(MoneyWatch) This week I visited a company that could become the next Zappos or DaVita: BNotions in Toronto. In a session with a few dozen of their leaders, my colleagues Carrie Kish and Jill Fagan and I explained that even great companies may have the seeds of future mediocrity. But the potential for this must be faced squarely and the seeds prevented from sprouting. We learned from our visit that BNotions' great fear was "becoming boring."
When Carrie, Jill and I left the company, it was like exiting a Disneyland ride and returning to normal life. And then it struck us that BNotions lives in fear of the global pandemic of business mediocrity, whose first symptom is extended periods of boredom at work.
In fact, the company is paranoid about it. And for good reason. The odds are high that there are symptoms of the illness are present in your company.
Many fictional pandemic stories start with a science experiment (like a new virus to cure cancer) gone wrong, a stray virus devastating the population. The mediocrity pandemic starts with an important goal: the desire to formalize things, establish common practices and make sure everything is orderly. People should be in the right jobs, paid fairly, and promotions should occur according to established procedures. I call this approach tightening up.
The problem is that this tightening-up initiative easily gets out of hand, driving away genius, creating a "my life sucks" culture, destroying innovation and ensuring the company will be very well managed as it disappears into irrelevancy. Stephen Covey has called this approach "straightening the deck chairs on the Titanic."
The CEO of a midsize company recently told me that he'd love to hire a person I had recommended, but couldn't persuade his human resources group to go along. The candidate is a true genius -- with an IQ several deviations above average. I warned the CEO that this individual wouldn't fit into any established job description. The CEO liked the person -- a lot -- and felt he would be uniquely valuable to the company. But the SVP of HR said the hire was risky, that it would send the wrong message to employees, and that the candidate would not make a good fit. "What can I do?" the CEO asked me. "I can't undercut my HR guy."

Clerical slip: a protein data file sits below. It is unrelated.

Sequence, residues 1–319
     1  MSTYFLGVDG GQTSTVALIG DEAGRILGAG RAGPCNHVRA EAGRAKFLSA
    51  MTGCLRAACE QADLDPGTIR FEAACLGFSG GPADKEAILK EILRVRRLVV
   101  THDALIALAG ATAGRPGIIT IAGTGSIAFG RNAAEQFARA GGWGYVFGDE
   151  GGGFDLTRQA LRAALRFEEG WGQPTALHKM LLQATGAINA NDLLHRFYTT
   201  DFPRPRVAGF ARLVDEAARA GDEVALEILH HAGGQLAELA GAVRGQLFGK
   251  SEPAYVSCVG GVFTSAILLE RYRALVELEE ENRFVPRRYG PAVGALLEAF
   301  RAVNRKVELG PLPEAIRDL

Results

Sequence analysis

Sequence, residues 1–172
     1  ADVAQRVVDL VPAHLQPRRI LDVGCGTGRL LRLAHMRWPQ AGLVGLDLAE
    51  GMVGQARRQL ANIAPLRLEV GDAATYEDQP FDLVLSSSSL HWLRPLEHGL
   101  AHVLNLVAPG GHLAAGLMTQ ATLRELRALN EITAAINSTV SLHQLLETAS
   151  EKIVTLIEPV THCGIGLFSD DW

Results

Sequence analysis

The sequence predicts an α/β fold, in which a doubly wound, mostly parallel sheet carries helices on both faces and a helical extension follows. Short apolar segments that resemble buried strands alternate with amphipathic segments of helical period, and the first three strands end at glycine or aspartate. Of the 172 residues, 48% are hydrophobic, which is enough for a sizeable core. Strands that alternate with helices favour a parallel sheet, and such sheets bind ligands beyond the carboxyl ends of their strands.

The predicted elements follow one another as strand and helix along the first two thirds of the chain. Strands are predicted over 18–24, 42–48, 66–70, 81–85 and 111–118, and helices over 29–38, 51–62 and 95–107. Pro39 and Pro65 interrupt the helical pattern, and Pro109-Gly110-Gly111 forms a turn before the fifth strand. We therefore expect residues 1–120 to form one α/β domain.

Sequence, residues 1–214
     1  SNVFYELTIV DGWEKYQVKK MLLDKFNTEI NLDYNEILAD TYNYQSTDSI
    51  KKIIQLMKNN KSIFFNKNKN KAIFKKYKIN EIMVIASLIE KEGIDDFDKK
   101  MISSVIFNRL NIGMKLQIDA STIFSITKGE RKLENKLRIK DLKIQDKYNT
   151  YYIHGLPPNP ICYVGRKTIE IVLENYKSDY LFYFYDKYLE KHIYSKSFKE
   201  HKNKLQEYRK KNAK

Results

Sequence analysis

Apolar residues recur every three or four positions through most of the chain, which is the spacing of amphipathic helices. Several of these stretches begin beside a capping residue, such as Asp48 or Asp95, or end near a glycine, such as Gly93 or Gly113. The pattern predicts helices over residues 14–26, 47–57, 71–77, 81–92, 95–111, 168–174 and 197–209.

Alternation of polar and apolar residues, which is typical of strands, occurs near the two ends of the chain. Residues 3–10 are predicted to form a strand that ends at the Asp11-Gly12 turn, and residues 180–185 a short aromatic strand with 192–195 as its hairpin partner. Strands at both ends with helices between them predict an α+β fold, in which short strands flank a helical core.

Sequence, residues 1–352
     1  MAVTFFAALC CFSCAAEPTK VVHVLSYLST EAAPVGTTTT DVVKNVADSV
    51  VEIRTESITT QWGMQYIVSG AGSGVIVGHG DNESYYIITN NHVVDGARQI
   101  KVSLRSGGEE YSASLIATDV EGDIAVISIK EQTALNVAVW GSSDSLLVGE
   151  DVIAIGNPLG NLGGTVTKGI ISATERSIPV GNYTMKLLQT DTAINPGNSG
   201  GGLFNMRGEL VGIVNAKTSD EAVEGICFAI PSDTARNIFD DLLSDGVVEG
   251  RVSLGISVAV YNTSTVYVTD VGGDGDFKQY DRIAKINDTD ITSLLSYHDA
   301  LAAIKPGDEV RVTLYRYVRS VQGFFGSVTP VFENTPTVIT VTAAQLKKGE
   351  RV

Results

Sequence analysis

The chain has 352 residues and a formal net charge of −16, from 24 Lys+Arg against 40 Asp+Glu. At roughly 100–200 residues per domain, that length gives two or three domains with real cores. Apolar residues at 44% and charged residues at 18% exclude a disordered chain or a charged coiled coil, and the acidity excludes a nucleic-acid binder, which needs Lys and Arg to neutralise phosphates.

In the year since this exchange, the company's revenue and reputation are both in free fall. Last time I talked with the CEO (a few weeks ago), he said that everything at his company was "just great," that "we're finally getting things in shape." His biggest challenge? "To convince the employees that we're headed in the right direction." If this company were publicly traded, I'd short their stock. This is a pattern for poor management: Tightening up creates systems that executives are afraid to override. Work becomes orderly and boring. And there's no place for a genius whose capabilities will shake things up and reset a company's course.
There is a proven way to stop the mediocrity pandemic: Perform a quick diagnosis of the biggest problem in the company. If the problem is systems, tightening up is the right thing to do.